Grinnell requires that you select a program compatible with your academic goals, as set out in your four-year plan and off-campus study essay. It is largely up to you to define your goals together with your academic adviser. Since your program choice is linked to your objectives, you should begin by thinking about your purpose in studying off campus, i.e., your core academic rationale. Most students choose to link off-campus study to their major or concentration while others may wish to enhance their understanding of other subjects studied on campus. The link you choose should provide a sense of academic direction for studying off campus.

Additional Objectives for Off-Campus Study

In addition to the core academic rationale described above, your choice of program may be partly determined by additional objectives. For example, you may wish to broaden your liberal arts education by studying a language or taking courses not offered at Grinnell. You may also have broader educational goals connected to the experience of living in another culture. The possibility of community service, fieldwork or an internship might be an important consideration. Such additional objectives are important to consider along with your core academic rationale and should be of help in guiding you towards a program that is right for you.


Your Academic Adviser

Since your program choice should be connected to your academic interests and four-year plan, you should start by talking with your academic adviser. Your adviser can help you decide whether studying off campus would be beneficial and may have suggestions about subjects you may wish to deepen and enhance. Advisers want to know which programs attract you and may also offer suggestions. If you have not declared, you should also seek advice from a professor within your intended major department about program choice and the best semester to participate.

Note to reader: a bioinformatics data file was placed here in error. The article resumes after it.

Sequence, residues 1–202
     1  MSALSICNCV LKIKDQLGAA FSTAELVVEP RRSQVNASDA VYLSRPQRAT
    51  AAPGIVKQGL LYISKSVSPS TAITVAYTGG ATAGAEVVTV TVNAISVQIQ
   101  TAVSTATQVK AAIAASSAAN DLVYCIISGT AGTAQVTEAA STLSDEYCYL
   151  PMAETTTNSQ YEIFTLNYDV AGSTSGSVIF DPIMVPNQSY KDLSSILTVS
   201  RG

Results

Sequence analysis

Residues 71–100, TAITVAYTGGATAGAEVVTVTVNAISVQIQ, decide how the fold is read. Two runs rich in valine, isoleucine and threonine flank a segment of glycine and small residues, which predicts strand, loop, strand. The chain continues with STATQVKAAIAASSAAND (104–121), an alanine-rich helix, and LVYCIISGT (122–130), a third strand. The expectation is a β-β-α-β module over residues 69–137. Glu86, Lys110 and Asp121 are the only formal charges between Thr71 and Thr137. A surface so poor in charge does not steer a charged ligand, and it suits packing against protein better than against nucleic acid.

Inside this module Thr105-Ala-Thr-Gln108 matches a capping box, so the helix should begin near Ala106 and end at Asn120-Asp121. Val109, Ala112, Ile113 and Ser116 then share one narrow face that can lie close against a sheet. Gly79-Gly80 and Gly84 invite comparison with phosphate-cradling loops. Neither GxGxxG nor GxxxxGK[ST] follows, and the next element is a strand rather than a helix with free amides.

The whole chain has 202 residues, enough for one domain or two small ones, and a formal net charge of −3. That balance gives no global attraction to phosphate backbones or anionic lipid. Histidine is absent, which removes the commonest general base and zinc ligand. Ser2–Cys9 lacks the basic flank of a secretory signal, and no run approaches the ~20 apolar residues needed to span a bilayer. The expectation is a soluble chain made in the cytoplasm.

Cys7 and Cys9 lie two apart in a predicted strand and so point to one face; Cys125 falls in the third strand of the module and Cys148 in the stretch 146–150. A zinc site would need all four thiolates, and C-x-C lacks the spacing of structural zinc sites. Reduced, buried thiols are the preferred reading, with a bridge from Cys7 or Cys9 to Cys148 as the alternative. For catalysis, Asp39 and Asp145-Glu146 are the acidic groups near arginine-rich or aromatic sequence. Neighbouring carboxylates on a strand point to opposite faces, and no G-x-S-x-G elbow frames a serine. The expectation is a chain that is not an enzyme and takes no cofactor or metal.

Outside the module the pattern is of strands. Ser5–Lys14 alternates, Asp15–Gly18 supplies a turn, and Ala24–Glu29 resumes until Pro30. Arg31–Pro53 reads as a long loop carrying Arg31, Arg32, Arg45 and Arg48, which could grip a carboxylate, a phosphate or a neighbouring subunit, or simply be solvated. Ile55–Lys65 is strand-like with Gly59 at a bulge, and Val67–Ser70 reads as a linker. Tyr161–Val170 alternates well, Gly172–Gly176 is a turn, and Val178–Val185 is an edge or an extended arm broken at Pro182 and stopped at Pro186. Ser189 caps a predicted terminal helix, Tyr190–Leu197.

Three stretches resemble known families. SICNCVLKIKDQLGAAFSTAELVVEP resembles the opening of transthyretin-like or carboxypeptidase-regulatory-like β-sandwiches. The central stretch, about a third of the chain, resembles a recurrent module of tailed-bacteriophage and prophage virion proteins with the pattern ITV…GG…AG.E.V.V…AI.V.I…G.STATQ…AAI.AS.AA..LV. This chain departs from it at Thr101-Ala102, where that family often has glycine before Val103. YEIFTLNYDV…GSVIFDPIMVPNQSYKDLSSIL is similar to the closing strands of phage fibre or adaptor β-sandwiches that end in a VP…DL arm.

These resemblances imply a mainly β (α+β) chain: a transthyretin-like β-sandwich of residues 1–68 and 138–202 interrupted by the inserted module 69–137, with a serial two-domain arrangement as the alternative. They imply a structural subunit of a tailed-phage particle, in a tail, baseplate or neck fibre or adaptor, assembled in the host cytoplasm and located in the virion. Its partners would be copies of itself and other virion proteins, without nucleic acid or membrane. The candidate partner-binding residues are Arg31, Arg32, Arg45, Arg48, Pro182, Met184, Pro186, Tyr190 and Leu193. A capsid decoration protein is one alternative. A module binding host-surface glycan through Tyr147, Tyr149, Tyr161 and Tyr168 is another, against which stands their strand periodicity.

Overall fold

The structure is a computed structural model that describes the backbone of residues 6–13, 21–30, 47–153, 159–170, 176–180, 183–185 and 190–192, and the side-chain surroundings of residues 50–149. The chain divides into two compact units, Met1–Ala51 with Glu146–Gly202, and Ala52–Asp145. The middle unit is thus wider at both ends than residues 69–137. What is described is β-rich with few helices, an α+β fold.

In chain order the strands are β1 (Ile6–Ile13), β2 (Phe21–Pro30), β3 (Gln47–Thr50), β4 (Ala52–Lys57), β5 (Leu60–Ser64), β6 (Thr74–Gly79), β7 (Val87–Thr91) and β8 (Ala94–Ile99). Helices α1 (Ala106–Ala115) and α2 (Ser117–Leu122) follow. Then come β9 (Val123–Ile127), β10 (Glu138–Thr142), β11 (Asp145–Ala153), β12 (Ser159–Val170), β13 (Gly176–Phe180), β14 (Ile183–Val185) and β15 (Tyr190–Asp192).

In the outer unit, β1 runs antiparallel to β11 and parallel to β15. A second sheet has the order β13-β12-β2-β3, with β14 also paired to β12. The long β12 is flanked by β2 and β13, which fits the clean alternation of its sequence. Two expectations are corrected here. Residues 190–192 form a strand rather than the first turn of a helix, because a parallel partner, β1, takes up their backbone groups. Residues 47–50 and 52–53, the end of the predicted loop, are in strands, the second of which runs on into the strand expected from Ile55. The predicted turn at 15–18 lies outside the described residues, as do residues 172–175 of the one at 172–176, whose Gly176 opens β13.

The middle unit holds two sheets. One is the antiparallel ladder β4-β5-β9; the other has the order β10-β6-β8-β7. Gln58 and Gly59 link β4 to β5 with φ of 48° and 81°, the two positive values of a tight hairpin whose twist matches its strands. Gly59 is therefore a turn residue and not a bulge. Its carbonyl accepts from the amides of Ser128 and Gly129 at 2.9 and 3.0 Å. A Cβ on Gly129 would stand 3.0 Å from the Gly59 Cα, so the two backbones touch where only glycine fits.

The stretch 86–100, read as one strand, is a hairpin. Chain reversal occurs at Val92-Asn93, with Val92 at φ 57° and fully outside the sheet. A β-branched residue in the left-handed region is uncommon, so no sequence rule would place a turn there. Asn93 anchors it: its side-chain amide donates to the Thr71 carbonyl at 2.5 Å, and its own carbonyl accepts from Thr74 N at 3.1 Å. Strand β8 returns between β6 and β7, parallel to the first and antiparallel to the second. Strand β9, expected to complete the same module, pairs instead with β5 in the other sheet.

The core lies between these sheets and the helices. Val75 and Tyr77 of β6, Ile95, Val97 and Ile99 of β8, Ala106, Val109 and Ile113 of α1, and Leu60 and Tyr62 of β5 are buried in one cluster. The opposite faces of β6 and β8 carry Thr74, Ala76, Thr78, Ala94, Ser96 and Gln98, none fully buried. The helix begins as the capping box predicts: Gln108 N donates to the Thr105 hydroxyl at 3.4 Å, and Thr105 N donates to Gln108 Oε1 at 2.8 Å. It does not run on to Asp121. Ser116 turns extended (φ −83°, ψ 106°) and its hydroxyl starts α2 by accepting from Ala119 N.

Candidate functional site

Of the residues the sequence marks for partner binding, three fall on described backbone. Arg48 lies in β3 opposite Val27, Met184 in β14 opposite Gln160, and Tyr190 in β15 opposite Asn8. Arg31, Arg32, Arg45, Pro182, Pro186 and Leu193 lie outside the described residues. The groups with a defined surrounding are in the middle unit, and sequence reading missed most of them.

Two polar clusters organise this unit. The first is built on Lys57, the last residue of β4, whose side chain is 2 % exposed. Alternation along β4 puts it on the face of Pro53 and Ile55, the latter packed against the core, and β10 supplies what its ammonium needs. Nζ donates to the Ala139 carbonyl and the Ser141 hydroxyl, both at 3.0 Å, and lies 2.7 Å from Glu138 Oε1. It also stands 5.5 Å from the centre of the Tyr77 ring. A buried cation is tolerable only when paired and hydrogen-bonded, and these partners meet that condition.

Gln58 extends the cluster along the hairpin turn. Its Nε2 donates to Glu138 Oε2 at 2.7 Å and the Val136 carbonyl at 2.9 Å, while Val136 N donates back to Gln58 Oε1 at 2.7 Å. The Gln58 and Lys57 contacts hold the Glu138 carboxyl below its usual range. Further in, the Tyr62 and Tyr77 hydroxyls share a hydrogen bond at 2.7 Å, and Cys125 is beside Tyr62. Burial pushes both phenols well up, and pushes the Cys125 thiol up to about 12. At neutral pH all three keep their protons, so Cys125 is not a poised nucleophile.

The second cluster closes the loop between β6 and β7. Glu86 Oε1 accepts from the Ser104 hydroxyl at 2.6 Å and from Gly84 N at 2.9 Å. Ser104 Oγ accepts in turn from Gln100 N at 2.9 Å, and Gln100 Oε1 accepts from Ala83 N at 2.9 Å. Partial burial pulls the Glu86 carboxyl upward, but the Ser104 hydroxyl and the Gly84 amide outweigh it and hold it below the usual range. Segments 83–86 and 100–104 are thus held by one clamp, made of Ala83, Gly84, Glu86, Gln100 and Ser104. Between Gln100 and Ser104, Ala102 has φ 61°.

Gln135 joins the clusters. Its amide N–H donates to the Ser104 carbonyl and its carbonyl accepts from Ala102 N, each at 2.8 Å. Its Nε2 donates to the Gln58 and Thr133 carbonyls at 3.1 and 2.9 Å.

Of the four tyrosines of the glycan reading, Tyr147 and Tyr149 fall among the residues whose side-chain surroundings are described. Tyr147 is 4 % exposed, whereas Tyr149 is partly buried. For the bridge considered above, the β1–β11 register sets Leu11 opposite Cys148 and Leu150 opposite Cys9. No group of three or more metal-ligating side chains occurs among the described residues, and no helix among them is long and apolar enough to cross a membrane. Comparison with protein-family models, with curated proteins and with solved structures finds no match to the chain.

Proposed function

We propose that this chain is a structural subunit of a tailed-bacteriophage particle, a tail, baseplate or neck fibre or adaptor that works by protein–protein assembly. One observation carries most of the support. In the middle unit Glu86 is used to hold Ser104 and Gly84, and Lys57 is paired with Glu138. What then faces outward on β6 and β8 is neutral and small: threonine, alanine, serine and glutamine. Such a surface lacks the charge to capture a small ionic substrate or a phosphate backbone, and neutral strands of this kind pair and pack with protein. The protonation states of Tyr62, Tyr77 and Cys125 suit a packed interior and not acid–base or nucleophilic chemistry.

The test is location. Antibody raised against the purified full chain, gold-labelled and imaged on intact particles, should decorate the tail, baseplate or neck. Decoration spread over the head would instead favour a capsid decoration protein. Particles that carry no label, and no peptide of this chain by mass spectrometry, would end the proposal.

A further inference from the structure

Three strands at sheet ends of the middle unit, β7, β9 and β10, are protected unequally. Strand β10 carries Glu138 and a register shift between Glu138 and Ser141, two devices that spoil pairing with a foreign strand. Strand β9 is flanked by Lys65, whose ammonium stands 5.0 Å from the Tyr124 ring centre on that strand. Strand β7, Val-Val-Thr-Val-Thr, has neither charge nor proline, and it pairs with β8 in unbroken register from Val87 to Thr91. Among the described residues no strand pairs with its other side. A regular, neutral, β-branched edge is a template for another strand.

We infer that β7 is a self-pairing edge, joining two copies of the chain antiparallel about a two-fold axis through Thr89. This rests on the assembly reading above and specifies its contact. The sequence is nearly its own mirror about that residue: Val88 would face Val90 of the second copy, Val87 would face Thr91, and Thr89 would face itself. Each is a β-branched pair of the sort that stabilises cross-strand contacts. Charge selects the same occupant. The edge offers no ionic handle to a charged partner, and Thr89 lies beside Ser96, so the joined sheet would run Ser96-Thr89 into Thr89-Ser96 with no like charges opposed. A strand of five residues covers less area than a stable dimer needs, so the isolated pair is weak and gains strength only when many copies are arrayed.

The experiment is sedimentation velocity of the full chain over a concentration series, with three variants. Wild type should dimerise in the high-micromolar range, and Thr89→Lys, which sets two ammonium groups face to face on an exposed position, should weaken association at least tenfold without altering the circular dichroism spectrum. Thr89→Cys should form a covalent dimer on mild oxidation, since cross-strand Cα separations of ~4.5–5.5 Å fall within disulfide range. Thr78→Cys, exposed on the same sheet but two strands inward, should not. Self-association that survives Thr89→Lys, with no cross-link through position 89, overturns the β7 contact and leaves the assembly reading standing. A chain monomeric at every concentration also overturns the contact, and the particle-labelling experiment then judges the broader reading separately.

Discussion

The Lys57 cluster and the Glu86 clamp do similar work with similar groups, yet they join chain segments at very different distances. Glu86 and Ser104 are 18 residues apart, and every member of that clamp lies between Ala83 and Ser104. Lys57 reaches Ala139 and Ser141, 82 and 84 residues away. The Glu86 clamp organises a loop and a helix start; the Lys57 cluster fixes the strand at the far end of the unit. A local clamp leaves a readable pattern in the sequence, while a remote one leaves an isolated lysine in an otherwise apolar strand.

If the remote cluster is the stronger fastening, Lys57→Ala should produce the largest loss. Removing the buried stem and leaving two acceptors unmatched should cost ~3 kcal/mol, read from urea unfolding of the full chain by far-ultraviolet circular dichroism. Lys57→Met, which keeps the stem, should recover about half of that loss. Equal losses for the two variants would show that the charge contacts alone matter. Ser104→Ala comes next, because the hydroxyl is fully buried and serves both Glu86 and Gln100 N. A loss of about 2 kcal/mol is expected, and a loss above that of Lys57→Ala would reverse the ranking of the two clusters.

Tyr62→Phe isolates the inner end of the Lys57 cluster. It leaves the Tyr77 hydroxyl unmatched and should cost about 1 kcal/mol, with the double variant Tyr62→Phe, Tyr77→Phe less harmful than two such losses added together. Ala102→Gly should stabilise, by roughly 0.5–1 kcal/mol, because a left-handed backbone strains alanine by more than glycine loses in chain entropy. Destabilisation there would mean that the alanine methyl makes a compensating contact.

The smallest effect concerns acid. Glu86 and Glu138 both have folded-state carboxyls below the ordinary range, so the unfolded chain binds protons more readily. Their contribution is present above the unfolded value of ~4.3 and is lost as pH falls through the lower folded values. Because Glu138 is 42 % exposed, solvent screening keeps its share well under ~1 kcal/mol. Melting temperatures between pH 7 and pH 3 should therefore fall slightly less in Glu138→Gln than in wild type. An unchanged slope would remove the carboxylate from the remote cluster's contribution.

Campus Program Advisers

A Program Adviser is assigned to every off-campus study program featured by Grinnell College. These advisers are very familiar with the programs they represent and can provide you with detailed program information as well as answering any questions you may have. A list of Program Advisers is provided in the back of the OCS Handbook.

Directors of Off-Campus Study

Richard Bright and Jonathan Larson are available to help you choose a program.

For an appointment, send a message to [bright] or [larsonj] giving a range of times when you would be free from 8:30 to 11:00 a.m and 1:30 to 4:00 p.m., Monday through Friday. Appointments are scheduled on the half-hour. Be sure to mention the program(s) you want to discuss and subject areas that interest you.

OCS Program Representatives

Most of the programs are offered in cooperation with other colleges and universities whose representatives are always pleased to answer questions by phone and email. In addition, a number of program representatives come to campus and hold program information meetings during the fall semester. The OCS Office will send you a regularly updated schedule of these meetings, and you are also welcome to talk with program representatives by getting in touch with the program; contact information is available on the OCS website.